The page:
Today's expatriates in contrast, are as varied as they are numerous and the old rules don't apply. They are younger and more global in their perspective. As Singapore becomes more westernized, the packages shrink accordingly. Competition has in fact made the old compensation packages a thing of the past. The old expat is being replaced by the new. Which is a sign of a healthy market economy. Some old school expats have had to considerably step it down and go on a 'local package' if they want to stay. I have seen this many times.

I did not move from Park Avenue. I will never, in my life time, be able to afford Park Avenue, penthouse or coat closet. I moved from middle America. Suburbia. The fact of it is, in a general sense, American standards of living exceed those in the Philippines -- which is why the original poster and I have such vastly different view points. Or even Eric for that matter. Its all relative, but just because we have a bigger housing allowance doesn't mean we're fabulously wealthy -- all it means is that we have a bigger housing allowance.

Think further... is right. Where you move from makes all the difference. But the fact remains -- Singapore is much more expensive than the Philippines. In my heart of hearts, $2,600 seems very tight. Can they do it? Maybe. But should they? Is it a responsible move? With so many variables? So many what ifs...? I don't know the answer. Seems like they have no safety net at all, no cushion, and I find that very disconcerting. If the job is really worth it, and they truly have an understanding of what they are getting themselves into -- then all I can say is I wish them Godspeed and the best of luck.

guest 279

to: be realistic

Post by guest 279 » Mon, 30 May 2005 4:03 pm

That's faulty thinking. We don't have to give a thought to most locals, rather what is good for us. Imagine that we would consider living in some other place like Bangladesh, would we say that since most people make, say 200 a month, we should be happy with our $500? I don't think so. We have to compare salaries to things like what we could get in our own countries, other countries, taxes, living expenses, etc. and factor it all in. I still stand by my statement that sg is one of the most expensive cities in the world.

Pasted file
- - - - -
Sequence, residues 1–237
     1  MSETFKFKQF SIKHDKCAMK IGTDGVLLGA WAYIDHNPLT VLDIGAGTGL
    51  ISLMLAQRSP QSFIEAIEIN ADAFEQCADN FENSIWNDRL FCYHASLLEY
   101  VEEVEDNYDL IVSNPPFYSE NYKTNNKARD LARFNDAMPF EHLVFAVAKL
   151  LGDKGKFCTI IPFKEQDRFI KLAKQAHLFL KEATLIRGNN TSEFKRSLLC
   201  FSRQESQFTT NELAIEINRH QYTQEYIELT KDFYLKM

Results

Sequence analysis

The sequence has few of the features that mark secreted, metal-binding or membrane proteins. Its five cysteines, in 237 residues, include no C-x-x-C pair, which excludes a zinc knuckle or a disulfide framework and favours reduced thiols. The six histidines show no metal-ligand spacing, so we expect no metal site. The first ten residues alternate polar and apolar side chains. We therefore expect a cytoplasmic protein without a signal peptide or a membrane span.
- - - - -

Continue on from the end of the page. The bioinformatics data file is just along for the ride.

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Re: to: be realistic

Post by cyber_m0nkey » Tue, 31 May 2005 11:53 am

guest 279 wrote:That's faulty thinking. We don't have to give a thought to most locals, rather what is good for us. Imagine that we would consider living in some other place like Bangladesh, would we say that since most people make, say 200 a month, we should be happy with our $500? I don't think so. We have to compare salaries to things like what we could get in our own countries, other countries, taxes, living expenses, etc. and factor it all in. I still stand by my statement that sg is one of the most expensive cities in the world.
I agree with Passing By, 'expensive' is a relative term. Every city in the world is expensive if you don't earn enough to buy what you need and what you want. The traditional expat is fading fast, this is a direct consequence of globalisation. What many firms are doing now is to offer 'equalised' expact packages, which in effect are localised packages. Sure there are usually added benefits like houseing, educaton etc, but these don't last long and you localise completely after the intial contract or ship out.

Singapore isn't even close to being one of the most expensive cities (except maybe for cars). It doesn't even come close to living in places like Tokyo, London, Paris, Sydney. You can't compare anything to the US, everything is cheap in the US because of the size of the consumer market - and the level of debt people are prepared to get themselves into.

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Post by bizcatalyst » Sat, 11 Jun 2005 9:13 pm

Praveen,
Are you vegetarian ?
Do you eat at home ?
Do you plan to take bus and train to work ?
IF yr answers to the above questions are YES, YES and YES

3600 is a good start. You can save 1600/month.

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Post by Javier » Tue, 14 Jun 2005 1:14 pm

bizcatalyst wrote:Praveen,
Are you vegetarian ?
Do you eat at home ?
Do you plan to take bus and train to work ?
IF yr answers to the above questions are YES, YES and YES

3600 is a good start. You can save 1600/month.

Bizcatalyst
I agree with you except for the vegetarian part. Being vegetarian is more expensive here.
Useful webby for expats: Blog of nice things you can find in Singapore costing below $2. Updated very regularly.
http://www.cheaploh.com.sg

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Post by Javaguy » Tue, 14 Jun 2005 1:17 pm

you have none. $0. I will take over your job. :)